A Tale of Two Companies

A Tale of Two Companies

For the last decade, artificial intelligence has transformed the way companies summarize information, design technologies, and serve their customers. The technology is so powerful that in one form or another, the 50 biggest Fortune 500 companies have already put AI to work.


In the real estate market, use cases for artificial intelligence are flourishing. Big data analytics are driving all aspects of the real estate sales process from identifying highly-qualified buyers to accurately predicting a property’s sale price. Innovative real estate companies like Redfin and Rex are using AI to streamline their operations and drive down the costs of commissions paid to agents.


Companies in the property space that are looking to finally tap into the power of AI have a decision to make: do they staff up a machine learning dev team in-house or should they engage an outside firm?


On the one hand, the benefits of hiring an in-house team may seem obvious. AI is an expansive technology with many, many use cases. Having a dedicated team means that you can take advantage of all AI has to offer by comprehensively deploying models across every aspect of your business.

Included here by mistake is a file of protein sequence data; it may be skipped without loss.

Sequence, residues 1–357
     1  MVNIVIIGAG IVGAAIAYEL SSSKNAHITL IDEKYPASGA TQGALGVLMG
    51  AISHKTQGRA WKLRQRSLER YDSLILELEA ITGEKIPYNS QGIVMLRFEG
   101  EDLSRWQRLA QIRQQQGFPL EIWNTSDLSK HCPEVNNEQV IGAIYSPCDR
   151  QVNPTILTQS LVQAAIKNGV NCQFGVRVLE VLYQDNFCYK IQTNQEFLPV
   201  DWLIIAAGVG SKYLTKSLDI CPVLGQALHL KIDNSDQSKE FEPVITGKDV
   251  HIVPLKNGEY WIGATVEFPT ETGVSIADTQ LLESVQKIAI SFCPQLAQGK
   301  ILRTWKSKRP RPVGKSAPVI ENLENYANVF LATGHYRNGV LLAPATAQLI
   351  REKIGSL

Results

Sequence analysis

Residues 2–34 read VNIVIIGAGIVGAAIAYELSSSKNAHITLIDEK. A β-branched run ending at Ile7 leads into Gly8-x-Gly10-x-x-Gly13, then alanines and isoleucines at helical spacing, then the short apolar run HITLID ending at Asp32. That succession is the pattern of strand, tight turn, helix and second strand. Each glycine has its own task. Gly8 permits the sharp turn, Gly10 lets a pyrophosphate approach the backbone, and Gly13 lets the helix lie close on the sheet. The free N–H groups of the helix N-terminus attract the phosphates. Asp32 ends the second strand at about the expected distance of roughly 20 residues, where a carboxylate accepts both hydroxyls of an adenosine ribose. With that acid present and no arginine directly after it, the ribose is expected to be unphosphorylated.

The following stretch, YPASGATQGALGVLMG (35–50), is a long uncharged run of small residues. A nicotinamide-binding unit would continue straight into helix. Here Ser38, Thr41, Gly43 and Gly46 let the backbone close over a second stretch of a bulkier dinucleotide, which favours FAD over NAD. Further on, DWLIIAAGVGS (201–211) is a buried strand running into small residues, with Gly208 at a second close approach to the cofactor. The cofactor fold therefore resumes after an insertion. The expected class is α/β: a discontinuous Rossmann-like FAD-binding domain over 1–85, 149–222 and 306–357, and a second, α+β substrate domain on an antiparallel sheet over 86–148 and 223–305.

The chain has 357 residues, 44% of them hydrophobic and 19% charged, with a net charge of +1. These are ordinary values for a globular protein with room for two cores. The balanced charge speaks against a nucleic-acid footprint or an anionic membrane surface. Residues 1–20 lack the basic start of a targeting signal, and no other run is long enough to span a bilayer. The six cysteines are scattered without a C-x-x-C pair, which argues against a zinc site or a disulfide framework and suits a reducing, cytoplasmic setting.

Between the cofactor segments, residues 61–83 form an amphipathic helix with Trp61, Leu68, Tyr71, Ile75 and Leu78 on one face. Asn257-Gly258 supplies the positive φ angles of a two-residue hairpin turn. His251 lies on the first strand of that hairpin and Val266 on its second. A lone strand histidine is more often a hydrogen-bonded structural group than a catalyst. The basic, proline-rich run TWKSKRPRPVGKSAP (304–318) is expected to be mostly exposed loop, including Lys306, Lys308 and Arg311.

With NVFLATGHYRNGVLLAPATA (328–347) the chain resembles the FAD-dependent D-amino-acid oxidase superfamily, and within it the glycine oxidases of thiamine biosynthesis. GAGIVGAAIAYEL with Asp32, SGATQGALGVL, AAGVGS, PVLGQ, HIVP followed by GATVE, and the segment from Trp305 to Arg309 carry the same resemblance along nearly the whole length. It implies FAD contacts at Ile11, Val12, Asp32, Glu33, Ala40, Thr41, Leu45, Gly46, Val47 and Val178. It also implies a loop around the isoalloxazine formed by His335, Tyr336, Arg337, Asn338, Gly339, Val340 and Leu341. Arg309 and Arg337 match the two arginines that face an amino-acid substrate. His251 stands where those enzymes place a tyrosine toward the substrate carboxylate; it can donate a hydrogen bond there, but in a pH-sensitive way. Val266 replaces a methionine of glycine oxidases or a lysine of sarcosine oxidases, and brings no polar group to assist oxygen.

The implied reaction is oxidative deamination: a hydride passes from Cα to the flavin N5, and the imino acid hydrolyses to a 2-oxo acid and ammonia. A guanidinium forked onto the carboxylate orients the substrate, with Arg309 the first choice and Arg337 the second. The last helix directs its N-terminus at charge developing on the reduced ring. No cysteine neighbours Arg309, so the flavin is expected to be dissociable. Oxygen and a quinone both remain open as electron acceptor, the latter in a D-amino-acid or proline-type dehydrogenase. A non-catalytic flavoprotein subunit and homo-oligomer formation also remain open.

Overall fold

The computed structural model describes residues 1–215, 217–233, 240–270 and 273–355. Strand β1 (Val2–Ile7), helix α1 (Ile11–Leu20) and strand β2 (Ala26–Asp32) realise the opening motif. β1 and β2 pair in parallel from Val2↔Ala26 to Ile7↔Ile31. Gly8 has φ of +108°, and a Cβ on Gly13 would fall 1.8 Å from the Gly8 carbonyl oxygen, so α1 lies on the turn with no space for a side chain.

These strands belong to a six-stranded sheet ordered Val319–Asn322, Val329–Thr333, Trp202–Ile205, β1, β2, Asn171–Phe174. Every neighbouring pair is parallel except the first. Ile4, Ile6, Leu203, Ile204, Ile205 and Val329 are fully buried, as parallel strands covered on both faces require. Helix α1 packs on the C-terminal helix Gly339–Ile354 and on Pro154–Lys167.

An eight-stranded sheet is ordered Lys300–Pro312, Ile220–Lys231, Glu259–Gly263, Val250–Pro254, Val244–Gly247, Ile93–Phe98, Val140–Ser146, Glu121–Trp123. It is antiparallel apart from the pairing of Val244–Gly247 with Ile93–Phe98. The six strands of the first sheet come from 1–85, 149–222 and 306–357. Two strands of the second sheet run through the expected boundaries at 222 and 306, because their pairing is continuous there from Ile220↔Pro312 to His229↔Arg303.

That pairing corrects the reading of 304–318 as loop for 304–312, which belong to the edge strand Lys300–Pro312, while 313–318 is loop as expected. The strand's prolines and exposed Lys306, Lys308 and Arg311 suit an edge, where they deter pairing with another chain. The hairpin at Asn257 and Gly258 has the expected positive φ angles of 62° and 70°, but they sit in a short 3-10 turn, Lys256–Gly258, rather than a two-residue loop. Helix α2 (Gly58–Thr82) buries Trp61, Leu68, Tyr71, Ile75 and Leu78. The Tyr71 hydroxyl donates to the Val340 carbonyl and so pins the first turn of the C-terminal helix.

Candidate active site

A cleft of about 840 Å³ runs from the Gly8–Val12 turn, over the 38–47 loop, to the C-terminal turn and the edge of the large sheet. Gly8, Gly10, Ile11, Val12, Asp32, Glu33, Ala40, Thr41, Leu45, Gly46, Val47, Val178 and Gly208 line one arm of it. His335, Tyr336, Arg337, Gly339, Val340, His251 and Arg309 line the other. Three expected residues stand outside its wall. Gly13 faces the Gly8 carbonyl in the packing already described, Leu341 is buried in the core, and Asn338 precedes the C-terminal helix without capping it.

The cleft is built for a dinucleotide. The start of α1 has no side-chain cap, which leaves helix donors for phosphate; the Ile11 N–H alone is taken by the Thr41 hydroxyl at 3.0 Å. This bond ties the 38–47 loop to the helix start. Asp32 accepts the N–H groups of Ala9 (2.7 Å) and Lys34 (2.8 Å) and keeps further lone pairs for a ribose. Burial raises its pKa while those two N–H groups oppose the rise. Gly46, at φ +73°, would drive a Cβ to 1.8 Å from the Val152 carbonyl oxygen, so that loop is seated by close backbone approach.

On the other hand, engaging an outside team can save costs and streamline the complex process of data ingestion, transformation, training, and validation.


When it comes to getting in the machine learning game, speed is critical. Unlike other business assets, AI models actually appreciate in value over time. Continuous training leads to an increase in model accuracy over time. Simply put, systems that are in place longer and earlier perform better. 


Companies, therefore, hugely benefit from being first movers. This advantage alone is enough to forego all of the delays associated with hiring and training an AI team in-house. Getting approval and budget for a new AI team can take months. Staffing and training that team can take even longer. This can put companies at a significant disadvantage if their competitors spend those same precious months building and deploying AI solutions via an external organization.


In addition to the obvious advantages of being first to AI, engaging an outside team also provides a level of ease that can make even the most uptight CIO sleep easier. In a world where unprecedented seems to be the norm, the best companies are the ones that can adapt and pivot in an instant.


Here in the northwest, we have two property companies that have approached their AI needs differently. For NDA reasons, we’ve withheld the names of these companies; however, we felt their differences are particularly illustrative.


The first company, a real estate brokerage, engaged AI experts for their machine learning needs. By contrast, the second company, a vacation rental site, raised nearly $400m and used it to employ a large, high-end data science team to build out their AI-powered vacation rental capabilities.


Now that we are in the throes of a global pandemic, the impact of each of their approaches has become increasingly clear.